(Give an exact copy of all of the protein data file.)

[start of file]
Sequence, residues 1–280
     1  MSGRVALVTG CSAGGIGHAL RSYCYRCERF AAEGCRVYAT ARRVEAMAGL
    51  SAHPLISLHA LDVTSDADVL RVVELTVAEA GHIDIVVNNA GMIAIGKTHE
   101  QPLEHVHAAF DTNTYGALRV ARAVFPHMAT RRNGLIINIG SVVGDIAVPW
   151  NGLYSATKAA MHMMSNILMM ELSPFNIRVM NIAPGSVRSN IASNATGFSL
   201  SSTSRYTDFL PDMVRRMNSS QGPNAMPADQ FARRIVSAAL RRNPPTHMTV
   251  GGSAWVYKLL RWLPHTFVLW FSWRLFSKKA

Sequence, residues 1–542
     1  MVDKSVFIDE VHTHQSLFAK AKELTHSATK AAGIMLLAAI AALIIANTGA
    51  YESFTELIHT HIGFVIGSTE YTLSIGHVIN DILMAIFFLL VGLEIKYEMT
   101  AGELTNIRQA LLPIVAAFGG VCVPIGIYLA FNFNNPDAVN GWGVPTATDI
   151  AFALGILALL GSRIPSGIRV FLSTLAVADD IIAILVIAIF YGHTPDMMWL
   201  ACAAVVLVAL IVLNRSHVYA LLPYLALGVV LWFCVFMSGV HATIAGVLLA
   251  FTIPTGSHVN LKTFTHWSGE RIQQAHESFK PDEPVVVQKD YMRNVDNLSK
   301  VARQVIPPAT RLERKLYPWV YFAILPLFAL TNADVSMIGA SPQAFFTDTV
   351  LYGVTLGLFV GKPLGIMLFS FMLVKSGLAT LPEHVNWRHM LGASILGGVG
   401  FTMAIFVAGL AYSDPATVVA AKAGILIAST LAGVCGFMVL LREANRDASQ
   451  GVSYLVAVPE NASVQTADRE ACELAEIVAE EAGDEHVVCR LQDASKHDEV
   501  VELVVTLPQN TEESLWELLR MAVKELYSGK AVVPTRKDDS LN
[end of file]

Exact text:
Sequence, residues 1–280
     1  MSGRVALVTG CSAGGIGHAL RSYCYRCERF AAEGCRVYAT ARRVEAMAGL
    51  SAHPLISLHA LDVTSDADVL RVVELTVAEA GHIDIVVNNA GMIAIGKTHE
   101  QPLEHVHAAF DTNTYGALRV ARAVFPHMAT RRNGLIINIG SVVGDIAVPW
   151  NGLYSATKAA MHMMSNILMM ELSPFNIRVM NIAPGSVRSN IASNATGFSL
   201  SSTSRYTDFL PDMVRRMNSS QGPNAMPADQ FARRIVSAAL RRNPPTHMTV
   251  GGSAWVYKLL RWLPHTFVLW FSWRLFSKKA

Sequence, residues 1–542
     1  MVDKSVFIDE VHTHQSLFAK AKELTHSATK AAGIMLLAAI AALIIANTGA
    51  YESFTELIHT HIGFVIGSTE YTLSIGHVIN DILMAIFFLL VGLEIKYEMT
   101  AGELTNIRQA LLPIVAAFGG VCVPIGIYLA FNFNNPDAVN GWGVPTATDI
   151  AFALGILALL GSRIPSGIRV FLSTLAVADD IIAILVIAIF YGHTPDMMWL
   201  ACAAVVLVAL IVLNRSHVYA LLPYLALGVV LWFCVFMSGV HATIAGVLLA
   251  FTIPTGSHVN LKTFTHWSGE RIQQAHESFK PDEPVVVQKD YMRNVDNLSK
   301  VARQVIPPAT RLERKLYPWV YFAILPLFAL TNADVSMIGA SPQAFFTDTV
   351  LYGVTLGLFV GKPLGIMLFS FMLVKSGLAT LPEHVNWRHM LGASILGGVG
   401  FTMAIFVAGL AYSDPATVVA AKAGILIAST LAGVCGFMVL LREANRDASQ
   451  GVSYLVAVPE NASVQTADRE ACELAEIVAE EAGDEHVVCR LQDASKHDEV
   501  VELVVTLPQN TEESLWELLR MAVKELYSGK AVVPTRKDDS LN